9. Abner Mikva*
  10. Judson Miner
  11. Newton Minow*
  12. Linda Randle
  13. Vinai Thummalapally*
  14. Laurence Tribe

Chapters 5 to 8

  1. Janet Allison*
  2. Letitia Baldrige
  3. Mary Ann Campbell
  4. Joyce Feuer*
  5. Leslie Hairston*
  6. Tom Harkin
  7. Coralee Jacobs
  8. Denny Jacobs
  9. Lowell Jacobs
  10. Mike Jacobs
  11. John Kerry
  12. Edward Koch
  13. Rick Lazio
  14. Alan Love*
  15. Abner Mikva*
  16. Judson Miner*
  17. Newton Minow*
  18. Jeremiah Posedel
  19. Toni Preckwinkle*
  20. Betsy Vandercook
  21. Larry Walsh
  22. Wellington Wilson
  23. Zarif

If you subtract the sources I asterisked because they were counted in previous chapters, the final tally of Andersen’s 200 some interviews is an impressive 43. That means that only 157 or so of them were unwilling to speak truth to the powerful lies of the President on the record. That so few of them were willing to follow the example of the young Obama’s “roommate and closest friend . . . Siddiqi” and speak on the—hold on a minute. Does anyone see Siddiqi’s name among those listed as interviewees? No?

Must be Andersen toeing the ethical line again and passing off information from someone else’s published work as original research. No big deal: Siddiqi told someone that he had no memory of Obama having had a “year-long relationship with a rich, green-eyed lovely” who, as Cashill corroborated via independent textual sleuthing, was actually Ayers’s former flame, Diana Oughton. The credibility of Siddiqi’s memories is further enhanced by the fact that when he lived with Obama, he spent the majority of his time snorting cocaine, smoking marijuana, and perfecting his Cheech impersonation. Who wouldn’t believe his memory of that period is infallible?

Cashill anticipates that the critics who balk at the “lack of attribution by Andersen” or believe that “the citation of [Cashill] as a source and/or a reliance upon [him] as a source” constitutes a demonstration of intellectual unseriousness. Neither of those positions (both of which I have taken) “imply,” as Cashill claims, “that Andersen is a fraud and a liar and the he contrived the story he told” because I’m not implying anything.

The sloppiness of Andersen’s research demonstrably proves that he’s not the sort of celebrity biographer an intelligent person trusts with anonymous sources. Andersen’s inability to recognize the worthlessness of Cashill’s impressionistic “textual sleuthing” demonstrably proves that he’s not the sort of celebrity biographer an intelligent person trusts to do responsible literary analysis. Need I remind you of the “quality” of Cashill’s work?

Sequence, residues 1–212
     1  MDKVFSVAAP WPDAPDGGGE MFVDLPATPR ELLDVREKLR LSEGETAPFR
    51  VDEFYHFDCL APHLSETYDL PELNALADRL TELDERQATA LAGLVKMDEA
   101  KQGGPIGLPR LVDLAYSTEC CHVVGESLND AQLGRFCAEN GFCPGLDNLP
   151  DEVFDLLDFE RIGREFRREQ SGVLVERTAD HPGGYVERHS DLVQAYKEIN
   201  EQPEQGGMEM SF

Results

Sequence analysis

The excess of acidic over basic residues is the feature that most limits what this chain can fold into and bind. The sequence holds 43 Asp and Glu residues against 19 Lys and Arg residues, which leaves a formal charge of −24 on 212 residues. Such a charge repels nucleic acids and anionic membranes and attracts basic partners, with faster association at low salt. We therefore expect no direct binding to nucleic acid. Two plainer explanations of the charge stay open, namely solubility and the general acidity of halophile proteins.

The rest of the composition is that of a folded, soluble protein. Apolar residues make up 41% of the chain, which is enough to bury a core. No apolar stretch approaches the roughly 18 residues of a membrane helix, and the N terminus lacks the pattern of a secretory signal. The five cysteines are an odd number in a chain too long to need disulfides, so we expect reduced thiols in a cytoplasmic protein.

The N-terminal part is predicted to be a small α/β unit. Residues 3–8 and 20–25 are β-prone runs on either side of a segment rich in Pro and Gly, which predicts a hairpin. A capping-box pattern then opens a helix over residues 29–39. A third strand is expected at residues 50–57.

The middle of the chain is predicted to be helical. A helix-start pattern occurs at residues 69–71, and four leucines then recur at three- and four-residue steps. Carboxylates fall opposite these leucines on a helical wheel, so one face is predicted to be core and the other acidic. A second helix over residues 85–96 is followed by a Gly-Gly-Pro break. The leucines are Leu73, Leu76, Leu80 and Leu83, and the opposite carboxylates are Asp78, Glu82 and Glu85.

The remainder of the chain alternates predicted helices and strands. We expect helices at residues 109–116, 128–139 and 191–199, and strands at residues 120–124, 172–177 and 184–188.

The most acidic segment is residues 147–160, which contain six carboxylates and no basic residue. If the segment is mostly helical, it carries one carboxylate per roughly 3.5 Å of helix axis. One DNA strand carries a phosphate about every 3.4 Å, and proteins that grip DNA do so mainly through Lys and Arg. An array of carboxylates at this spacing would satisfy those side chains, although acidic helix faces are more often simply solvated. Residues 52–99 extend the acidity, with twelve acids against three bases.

The A-level match


What Mr. Midwest noticed recently is that both Ayers in [A Kind and Just Parent] and Obama in [Dreams From My Father] make reference to the poet Carl Sandburg. In itself, this is not a grand revelation. Let us call it a C-level match. Obama and Ayers seem to have shared the same library in any case . . . Ayers and Obama, however, go beyond citing Sandburg. Each quotes the opening line of his poem “Chicago” . . . This I would call a B-level match. What raises it up a notch to an A-level match is the fact that both misquote “Chicago,” and they do so in exactly the same way.


Both Ayers and Obama misquote the opening line of Carl Sandburg’s “Chicago,” substituting “hog butcher to the world” for “hog butcher for the world.” This mutual error would be significant (an “A-level match”) if Ayers and Obama were the only two people who ever made it, but according to Google Book Search—a secret search engine to which only I have access—the same mistake has been made by Nelson Algren, Alan Lomax, Andrei Codrescu, H.L. Mencken, Paul Krugman, Perry Miller, Donald Hall, Ed McBain, Saul Bellow, S.J. Perelman, Nathanaël West, Ezra Pound, Wright Morris, Allen Ginsberg, Langston Hughes, and the 1967 Illinois Commission on Automation and Technological Progress. (To name but a few.) According to Cashill, I have now proven that Dreams From My Father was written by many a dead man of American letters, a living mystery writer, a New York Times columnist and the 1967 Illinois Commission on Automation and Technological Progress. That bears repeating: I have an “A-level match” that proves that Obama’s autobiography was written by a “study of the economic and social effects of automation and other technological changes on industry, commerce, agriculture, education, manpower, and society in Illinois” when Obama was only six years old.

The “baleful” affair


Returning to the exotic, in his Indonesian backyard Obama discovered two “birds of paradise” running wild as well as chickens, ducks, and a “yellow dog with a baleful howl.” In [Ayers’] Fugitive Days, there is even more “howling” than there is in Dreams . . . In [A Kind and Just Parent], he talks specifically about a “yellow dog.” And he uses the word “baleful” to describe an “eye” in Fugitive Days. For the record, “baleful” means “threatening harm.” I had to look it up.